A Wildlife Watching Code of Conduct
One of the ways that animal advocates have been able to protect certain wild animal species is by diverting human interest away from activities such as hunting, and instead encouraging ecotourism and wildlife watching. While hunting and fishing are thought of as “consumptive” activities, watching wildlife is a way of “using” the animals to generate income. There is no consumption and, ideally, it creates no disturbance either. However, due to an increasing interest in wildlife tourism, there is a growing need to ensure it remains balanced with the protection of wildlife. Even activities as seemingly innocuous as wildlife watching can cause stress and disturbances among species that are supposed to be protected.
Taking a multidisciplinary approach and combining various data sets, this study looks at potential human disturbances among harbour seals during land-based seal watching. Combining the data, the researchers found that it may be worthwhile to create a “code of conduct” to provide “a sustainable relationship between watchers and watched within wildlife tourism.” They suggest that the code should be based upon two key aspects. The first is the biological aspect: “through the examinations of how seals are affected by tourism and identification of the types of tourist activities that should be avoided.” Secondly, the social aspect: “through the understanding of the differences in tourist behaviour and tourist perception.” The purpose of the code is to give the act of wildlife watching more clarity to “facilitate communication between stakeholders at the destination and reconcile the sometimes contradictory interests in wildlife tourism.”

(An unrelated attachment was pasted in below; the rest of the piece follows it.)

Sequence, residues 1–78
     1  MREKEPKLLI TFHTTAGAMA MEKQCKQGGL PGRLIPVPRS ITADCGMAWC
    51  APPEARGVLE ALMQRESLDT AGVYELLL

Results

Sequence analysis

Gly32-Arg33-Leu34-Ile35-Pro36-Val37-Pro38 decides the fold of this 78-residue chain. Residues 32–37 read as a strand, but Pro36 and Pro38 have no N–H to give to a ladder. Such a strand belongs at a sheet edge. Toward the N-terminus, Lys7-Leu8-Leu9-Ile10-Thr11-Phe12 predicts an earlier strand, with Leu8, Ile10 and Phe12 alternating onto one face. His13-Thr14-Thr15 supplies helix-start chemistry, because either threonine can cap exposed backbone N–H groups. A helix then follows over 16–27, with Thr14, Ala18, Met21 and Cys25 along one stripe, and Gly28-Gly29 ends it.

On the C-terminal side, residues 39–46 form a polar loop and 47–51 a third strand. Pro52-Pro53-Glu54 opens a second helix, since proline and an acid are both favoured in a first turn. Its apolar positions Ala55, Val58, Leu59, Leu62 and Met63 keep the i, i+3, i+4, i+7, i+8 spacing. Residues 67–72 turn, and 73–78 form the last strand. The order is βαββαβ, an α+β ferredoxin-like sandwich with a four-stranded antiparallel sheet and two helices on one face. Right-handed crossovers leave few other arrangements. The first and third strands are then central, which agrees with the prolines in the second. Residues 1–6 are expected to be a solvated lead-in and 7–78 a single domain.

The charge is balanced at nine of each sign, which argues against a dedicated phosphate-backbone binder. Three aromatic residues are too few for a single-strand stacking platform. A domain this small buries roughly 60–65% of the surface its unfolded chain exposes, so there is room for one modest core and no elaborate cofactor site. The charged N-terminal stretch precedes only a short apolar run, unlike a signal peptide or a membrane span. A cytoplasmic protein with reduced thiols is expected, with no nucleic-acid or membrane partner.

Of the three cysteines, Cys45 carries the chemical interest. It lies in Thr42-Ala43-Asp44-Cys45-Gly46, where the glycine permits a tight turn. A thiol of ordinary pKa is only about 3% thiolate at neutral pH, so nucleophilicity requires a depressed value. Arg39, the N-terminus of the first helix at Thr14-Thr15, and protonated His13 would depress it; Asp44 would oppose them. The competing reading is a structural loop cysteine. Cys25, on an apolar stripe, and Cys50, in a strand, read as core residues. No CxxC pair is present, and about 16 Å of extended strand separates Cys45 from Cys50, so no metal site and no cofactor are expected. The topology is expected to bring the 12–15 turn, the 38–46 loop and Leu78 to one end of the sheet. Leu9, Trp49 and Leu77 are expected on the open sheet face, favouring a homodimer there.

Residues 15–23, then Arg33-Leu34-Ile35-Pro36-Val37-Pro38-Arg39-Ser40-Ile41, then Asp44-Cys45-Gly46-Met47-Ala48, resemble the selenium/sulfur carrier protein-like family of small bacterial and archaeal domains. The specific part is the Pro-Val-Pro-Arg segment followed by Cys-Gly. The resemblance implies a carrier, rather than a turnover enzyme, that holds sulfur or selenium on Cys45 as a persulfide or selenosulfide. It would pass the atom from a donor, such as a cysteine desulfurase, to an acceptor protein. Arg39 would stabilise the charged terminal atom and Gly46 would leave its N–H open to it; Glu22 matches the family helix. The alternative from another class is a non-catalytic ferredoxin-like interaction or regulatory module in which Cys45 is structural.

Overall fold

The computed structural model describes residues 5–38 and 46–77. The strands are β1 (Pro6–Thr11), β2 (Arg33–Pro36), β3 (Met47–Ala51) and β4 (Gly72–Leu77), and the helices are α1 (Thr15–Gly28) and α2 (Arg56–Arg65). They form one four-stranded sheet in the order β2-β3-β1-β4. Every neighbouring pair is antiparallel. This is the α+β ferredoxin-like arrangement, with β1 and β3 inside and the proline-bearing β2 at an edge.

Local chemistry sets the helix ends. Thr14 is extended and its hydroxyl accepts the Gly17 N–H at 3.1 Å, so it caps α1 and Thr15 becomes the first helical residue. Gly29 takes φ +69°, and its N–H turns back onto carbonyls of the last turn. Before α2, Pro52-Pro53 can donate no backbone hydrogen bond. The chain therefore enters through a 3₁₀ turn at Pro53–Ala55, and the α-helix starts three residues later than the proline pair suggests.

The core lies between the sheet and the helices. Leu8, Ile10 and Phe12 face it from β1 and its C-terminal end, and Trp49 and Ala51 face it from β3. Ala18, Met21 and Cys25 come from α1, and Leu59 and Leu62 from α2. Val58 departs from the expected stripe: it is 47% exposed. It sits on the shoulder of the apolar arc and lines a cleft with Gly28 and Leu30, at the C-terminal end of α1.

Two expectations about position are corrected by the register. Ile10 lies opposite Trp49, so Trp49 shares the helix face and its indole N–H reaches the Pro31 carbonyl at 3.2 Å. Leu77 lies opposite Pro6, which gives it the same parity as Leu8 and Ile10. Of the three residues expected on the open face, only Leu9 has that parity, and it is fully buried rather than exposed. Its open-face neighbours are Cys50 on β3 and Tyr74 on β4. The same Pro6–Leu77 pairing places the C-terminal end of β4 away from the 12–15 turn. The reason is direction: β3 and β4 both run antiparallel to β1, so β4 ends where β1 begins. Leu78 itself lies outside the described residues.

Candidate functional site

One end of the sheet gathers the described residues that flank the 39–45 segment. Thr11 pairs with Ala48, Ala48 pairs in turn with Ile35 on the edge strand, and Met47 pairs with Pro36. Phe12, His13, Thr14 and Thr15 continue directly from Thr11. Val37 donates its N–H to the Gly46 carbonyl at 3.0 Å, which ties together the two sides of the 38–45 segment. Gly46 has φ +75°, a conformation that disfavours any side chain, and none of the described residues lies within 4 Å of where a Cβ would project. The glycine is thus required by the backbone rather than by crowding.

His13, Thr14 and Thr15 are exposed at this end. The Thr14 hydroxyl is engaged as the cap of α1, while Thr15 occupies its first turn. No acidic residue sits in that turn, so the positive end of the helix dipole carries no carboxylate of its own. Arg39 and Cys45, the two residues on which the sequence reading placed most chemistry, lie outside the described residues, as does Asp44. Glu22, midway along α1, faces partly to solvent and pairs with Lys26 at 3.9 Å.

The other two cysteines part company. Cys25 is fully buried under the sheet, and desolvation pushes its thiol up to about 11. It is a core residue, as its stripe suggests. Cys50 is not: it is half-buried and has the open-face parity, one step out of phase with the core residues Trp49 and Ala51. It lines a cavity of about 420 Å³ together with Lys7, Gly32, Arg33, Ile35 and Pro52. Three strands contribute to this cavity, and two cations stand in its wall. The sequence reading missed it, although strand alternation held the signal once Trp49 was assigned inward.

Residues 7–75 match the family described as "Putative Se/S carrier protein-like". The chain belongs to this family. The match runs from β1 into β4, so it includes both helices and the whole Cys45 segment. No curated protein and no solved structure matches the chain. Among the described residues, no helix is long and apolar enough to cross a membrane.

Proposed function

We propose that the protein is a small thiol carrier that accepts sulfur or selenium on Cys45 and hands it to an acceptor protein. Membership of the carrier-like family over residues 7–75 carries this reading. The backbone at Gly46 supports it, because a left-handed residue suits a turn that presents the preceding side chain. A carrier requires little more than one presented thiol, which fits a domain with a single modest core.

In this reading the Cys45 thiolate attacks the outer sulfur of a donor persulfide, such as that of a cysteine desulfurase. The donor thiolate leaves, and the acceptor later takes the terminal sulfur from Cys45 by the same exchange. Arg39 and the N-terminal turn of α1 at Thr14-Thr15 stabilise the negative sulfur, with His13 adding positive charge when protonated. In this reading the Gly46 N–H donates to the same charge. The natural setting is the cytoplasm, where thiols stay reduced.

This study highlights a number of interesting considerations for wildlife advocates about how to improve wildlife watching activities, and shows how combining data from different disciplines can yield important new results.